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Have him in circles
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Allen Varney

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"But during one 30-year period -- between 1890 and 1860 BC -- for one community in the town of Kanesh, we know a great deal. Through a series of incredibly unlikely events, archaeologists have uncovered the comprehensive written archive of a few hundred traders who left their hometown Assur, in what is now Iraq, to set up importing businesses in Kanesh, which sat roughly at the center of present-day Turkey and functioned as the hub of a massive global trading system that stretched from Central Asia to Europe. Kanesh’s traders sent letters back and forth with their business partners, carefully written on clay tablets and stored at home in special vaults. Tens of thousands of these records remain. One economist recently told me he would love to have as much candid information about businesses today as we have about the dealings -- and in particular, about the trading practices -- of this 4,000-year-old community. [...]

"The picture that emerged of economic life is staggeringly advanced. The traders of Kanesh used financial tools that were remarkably similar to checks, bonds and joint-stock companies. They had something like venture-capital firms that created diversified portfolios of risky trades. And they even had structured financial products: People would buy outstanding debt, sell it to others and use it as collateral to finance new businesses. The 30 years for which we have records appear to have been a time of remarkable financial innovation.

"It’s impossible not to see parallels with our own recent past. Over the 30 years covered by the archive, we see an economy built on trade in actual goods -- silver, tin, textiles -- transform into an economy built on financial speculation, fueling a bubble that then pops. After the financial collapse, there is a period of incessant lawsuits, as a central government in Assur desperately tries to come up with new regulations and ways of holding wrongdoers accountable (though there never seems to be agreement on who the wrongdoers are, exactly). The entire trading system enters a deep recession lasting more than a decade. The traders eventually adopt simpler, more stringent rules, and trade grows again." (New York Times Magazine):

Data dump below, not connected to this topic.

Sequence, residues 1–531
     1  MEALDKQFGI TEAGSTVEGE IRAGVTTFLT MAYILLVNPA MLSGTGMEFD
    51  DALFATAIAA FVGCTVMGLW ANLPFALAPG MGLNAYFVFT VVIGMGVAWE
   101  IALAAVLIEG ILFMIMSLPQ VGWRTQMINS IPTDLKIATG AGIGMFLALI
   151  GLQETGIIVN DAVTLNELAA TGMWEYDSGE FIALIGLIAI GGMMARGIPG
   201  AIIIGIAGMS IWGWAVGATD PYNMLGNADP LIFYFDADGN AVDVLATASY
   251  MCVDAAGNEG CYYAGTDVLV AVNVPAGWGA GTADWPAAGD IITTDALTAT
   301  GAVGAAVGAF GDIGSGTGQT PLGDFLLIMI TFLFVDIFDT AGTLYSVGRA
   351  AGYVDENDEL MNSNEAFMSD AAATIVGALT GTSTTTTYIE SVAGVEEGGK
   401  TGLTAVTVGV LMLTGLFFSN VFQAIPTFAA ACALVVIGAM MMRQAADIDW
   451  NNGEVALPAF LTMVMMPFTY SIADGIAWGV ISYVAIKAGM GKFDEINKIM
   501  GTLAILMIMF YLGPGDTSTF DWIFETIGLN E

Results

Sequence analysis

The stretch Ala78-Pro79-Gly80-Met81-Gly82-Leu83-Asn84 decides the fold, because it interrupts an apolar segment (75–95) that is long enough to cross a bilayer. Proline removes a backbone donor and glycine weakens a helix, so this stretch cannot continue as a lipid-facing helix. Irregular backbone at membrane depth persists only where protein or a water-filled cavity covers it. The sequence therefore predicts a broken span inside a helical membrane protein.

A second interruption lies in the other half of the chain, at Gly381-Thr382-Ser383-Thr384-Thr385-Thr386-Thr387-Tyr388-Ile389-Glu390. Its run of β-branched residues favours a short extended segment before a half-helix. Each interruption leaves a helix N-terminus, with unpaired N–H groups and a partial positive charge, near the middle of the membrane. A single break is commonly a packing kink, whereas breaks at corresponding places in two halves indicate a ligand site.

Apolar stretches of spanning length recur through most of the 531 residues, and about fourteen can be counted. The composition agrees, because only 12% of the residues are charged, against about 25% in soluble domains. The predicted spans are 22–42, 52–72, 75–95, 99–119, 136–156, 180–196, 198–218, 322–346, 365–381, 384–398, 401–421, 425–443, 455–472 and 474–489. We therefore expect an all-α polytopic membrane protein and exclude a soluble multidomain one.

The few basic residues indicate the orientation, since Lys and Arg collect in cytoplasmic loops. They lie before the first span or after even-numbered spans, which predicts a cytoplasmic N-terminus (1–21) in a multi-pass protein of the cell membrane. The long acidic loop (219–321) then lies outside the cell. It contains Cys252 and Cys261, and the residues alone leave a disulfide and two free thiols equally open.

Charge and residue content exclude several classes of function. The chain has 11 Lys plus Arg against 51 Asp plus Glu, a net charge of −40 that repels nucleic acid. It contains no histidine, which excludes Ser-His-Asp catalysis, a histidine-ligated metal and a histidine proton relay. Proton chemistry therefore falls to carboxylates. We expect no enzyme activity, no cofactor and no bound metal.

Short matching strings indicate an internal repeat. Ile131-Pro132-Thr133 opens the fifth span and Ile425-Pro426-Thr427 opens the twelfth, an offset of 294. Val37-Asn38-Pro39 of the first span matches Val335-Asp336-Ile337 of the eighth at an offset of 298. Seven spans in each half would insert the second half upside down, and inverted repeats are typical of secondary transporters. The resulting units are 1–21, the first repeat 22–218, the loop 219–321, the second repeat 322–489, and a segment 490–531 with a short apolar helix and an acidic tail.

http://www.nytimes.com/2015/08/30/magazine/the-vcs-of-bc.html
A cache of clay tablets provides an unusual look at an ancient but strikingly familiar-looking economy — and confirms a modern truth about trade.
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How absolutely fantastic!
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Honorary college degrees, like Life Achievement Awards and other such "honors," are basically moneymaking/publicity exercises. "Aside from stroking the intellectual egos of wealthy donors, many universities see the honorary degree process as an opportunity to score some free publicity. There is perhaps no greater example of this than when New York’s Southhampton College awarded an honorary doctorate in 'amphibious letters' to Kermit the Frog in 1996. In the aftermath, 31 newspapers picked up the story, resulting in a 'free marketing bonanza that raised the college’s profile and drew hundreds of new admissions.'" (Priceonomics):

http://priceonomics.com/why-do-colleges-give-out-honorary-degrees/
For more than 500 years, the honorary degree has provided an opportunity for colleges to build relationships with the rich, famous, and well-connected, in hopes of securing financial donations and cheap publicity.